For Amelia Johnson, a Carleton student completing her master’s degree in geomatics, independent yoga practice was never her taste.
But when she discovered acro-yoga, a sport combining the intricacies of yoga and the excitement and precision of acrobatics, she fell in love.
Johnson jumped into practicing acro-yoga about four years ago and to share the new form of yoga. She, along with some colleagues, created the acro-yoga club at Carleton University two years ago.
“It’s really a trust game,” says Johnson.
Since acro-yoga is a two-person sport, one acting as the base and the other as the flyer, there is a tremendous amount of trust and communication required between the duo.
And Jordan Lucas, a 21-year-old long-time yogi, agrees.
“You have to learn to let go and give someone else control and practice good communication so they can move you,” says Lucas. “You really have to work together.”
She describes the practice of acro-yoga as uplifting and more playful than individual yoga.
Usually the base position is assumed by the larger person of the duo and the smaller one the flyer, however this isn’t protocol – roles can be reversed.
“The flyer is mainly supported by the feet and legs of the base, but the arms are used to transition and hold some postures,” says Bradley Kreitzer, an avid acro-yogi.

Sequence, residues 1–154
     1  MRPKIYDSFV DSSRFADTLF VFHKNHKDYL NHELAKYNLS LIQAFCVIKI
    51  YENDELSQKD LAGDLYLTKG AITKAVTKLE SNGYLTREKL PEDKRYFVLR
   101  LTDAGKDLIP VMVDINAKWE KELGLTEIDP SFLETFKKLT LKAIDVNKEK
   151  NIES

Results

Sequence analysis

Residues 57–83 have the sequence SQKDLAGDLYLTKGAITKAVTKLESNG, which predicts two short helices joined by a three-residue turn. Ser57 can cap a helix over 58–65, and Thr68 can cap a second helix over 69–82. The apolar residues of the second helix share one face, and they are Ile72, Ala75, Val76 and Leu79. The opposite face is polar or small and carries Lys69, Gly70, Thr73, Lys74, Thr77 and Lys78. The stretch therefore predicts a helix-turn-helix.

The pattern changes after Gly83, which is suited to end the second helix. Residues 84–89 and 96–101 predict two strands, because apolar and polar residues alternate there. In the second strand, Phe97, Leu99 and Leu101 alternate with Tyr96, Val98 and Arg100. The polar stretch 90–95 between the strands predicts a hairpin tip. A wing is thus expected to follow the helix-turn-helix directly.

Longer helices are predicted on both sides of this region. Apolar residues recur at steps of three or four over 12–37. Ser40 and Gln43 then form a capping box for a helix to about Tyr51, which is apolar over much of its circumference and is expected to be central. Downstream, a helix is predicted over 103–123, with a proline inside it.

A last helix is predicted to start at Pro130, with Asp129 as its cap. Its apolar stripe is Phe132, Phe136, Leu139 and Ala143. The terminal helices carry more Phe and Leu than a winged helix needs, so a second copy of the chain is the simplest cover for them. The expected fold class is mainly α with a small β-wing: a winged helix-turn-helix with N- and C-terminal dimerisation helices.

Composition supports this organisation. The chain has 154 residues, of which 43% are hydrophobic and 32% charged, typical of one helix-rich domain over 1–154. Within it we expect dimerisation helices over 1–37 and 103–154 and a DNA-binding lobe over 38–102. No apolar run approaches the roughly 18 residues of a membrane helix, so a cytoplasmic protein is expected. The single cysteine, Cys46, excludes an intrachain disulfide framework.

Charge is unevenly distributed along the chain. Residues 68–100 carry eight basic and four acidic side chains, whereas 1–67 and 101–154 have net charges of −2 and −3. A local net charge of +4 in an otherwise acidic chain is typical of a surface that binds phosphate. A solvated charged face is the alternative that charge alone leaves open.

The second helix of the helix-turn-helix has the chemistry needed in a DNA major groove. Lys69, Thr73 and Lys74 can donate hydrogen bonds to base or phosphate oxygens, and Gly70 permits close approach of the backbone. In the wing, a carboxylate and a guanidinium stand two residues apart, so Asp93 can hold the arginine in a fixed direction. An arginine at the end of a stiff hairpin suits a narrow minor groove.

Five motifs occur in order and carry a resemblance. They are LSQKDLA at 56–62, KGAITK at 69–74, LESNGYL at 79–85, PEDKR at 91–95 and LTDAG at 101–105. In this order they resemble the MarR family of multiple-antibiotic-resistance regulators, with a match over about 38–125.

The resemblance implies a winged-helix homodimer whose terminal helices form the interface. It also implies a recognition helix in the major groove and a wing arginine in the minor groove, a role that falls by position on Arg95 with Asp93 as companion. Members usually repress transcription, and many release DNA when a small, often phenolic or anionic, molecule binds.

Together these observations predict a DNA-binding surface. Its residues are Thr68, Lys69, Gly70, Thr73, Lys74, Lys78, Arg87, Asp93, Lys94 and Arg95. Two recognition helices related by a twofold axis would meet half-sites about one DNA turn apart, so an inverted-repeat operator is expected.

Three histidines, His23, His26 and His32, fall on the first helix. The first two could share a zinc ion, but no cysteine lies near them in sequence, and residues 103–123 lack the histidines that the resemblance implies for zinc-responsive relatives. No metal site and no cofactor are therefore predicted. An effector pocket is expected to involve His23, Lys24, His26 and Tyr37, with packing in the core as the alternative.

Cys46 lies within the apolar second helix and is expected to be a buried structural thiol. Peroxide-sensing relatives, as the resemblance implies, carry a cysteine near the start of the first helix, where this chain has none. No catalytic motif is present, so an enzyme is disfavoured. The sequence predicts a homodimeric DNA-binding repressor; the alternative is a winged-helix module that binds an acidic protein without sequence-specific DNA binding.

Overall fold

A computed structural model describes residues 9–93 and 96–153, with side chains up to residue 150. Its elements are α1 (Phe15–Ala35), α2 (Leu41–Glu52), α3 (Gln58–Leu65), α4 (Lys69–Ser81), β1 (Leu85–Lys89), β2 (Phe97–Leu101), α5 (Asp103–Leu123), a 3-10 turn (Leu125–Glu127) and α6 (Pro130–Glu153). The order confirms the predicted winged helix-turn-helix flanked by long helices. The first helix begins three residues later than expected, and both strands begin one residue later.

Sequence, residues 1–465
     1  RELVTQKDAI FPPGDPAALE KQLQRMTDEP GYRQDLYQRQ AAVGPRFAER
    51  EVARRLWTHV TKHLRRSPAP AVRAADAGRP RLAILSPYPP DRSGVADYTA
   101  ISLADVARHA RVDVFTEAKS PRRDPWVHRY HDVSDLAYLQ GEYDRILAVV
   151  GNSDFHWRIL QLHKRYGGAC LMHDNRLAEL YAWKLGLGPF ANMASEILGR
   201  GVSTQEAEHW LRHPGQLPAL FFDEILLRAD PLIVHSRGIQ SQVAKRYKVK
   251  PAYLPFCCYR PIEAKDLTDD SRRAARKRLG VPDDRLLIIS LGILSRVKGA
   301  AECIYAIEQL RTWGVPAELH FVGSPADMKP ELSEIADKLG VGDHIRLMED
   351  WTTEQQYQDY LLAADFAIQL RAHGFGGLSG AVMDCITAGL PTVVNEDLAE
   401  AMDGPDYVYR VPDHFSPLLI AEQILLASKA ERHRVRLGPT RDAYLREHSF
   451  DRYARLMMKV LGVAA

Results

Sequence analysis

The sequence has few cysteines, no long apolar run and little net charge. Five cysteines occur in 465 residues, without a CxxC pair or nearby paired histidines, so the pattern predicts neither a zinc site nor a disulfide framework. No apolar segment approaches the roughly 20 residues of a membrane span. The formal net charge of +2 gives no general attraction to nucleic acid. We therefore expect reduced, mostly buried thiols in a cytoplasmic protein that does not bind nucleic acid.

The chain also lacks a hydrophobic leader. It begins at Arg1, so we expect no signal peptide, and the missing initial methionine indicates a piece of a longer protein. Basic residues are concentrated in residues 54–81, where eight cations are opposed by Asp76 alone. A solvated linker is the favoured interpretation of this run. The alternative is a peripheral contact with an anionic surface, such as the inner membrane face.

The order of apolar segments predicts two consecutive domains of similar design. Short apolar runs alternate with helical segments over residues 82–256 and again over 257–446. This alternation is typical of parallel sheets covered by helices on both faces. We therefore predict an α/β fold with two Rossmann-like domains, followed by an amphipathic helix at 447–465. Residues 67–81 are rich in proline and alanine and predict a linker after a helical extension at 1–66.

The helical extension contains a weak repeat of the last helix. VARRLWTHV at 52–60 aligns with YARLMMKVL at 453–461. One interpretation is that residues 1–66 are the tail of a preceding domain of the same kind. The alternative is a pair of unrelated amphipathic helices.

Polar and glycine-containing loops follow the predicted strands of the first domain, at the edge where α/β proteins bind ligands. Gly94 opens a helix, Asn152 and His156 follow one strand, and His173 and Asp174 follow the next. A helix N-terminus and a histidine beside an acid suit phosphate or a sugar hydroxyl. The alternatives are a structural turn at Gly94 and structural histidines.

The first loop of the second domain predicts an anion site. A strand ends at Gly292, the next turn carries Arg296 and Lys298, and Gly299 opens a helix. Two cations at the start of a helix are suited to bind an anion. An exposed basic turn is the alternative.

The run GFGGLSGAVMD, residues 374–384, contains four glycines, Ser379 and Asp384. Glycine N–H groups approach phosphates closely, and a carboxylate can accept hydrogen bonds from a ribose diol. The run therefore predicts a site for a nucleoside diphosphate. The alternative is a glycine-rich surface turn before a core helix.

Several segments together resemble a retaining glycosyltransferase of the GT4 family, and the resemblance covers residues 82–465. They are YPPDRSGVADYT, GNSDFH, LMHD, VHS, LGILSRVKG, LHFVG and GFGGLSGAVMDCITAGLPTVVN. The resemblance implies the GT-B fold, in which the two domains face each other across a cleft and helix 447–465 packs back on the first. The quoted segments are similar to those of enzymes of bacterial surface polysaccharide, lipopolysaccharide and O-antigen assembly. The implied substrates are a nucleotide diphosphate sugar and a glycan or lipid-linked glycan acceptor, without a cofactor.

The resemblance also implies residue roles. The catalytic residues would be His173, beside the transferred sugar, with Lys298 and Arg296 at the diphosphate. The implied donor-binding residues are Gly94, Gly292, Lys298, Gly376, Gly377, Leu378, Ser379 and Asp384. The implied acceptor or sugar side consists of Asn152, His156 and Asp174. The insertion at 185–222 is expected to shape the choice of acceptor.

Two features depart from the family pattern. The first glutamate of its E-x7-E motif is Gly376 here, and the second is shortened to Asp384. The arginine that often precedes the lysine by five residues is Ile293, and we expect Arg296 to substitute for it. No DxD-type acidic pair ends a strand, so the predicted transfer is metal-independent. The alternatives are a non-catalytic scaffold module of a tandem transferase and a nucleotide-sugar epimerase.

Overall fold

Lucas and Johnson both agree that the trick to this form of yoga is bone-stacking, that is to align your bones so that the weight is loaded on bone joints instead of being held up by muscle, and therefore if executed properly, the smaller person can successfully act as the base for a heavier flyer.
“The biggest learning curve for newcomers is getting their legs straight and bone-stacking,” says Johnson.
Overall, this new form of yoga is both challenging and fun all at the same time.
Johnson says that the Ottawa acro-yoga community is absolutely growing and is suitable for anyone at any level to join and practice.
“Everyone is really supportive of each other and it’s overall just a good time,” she says.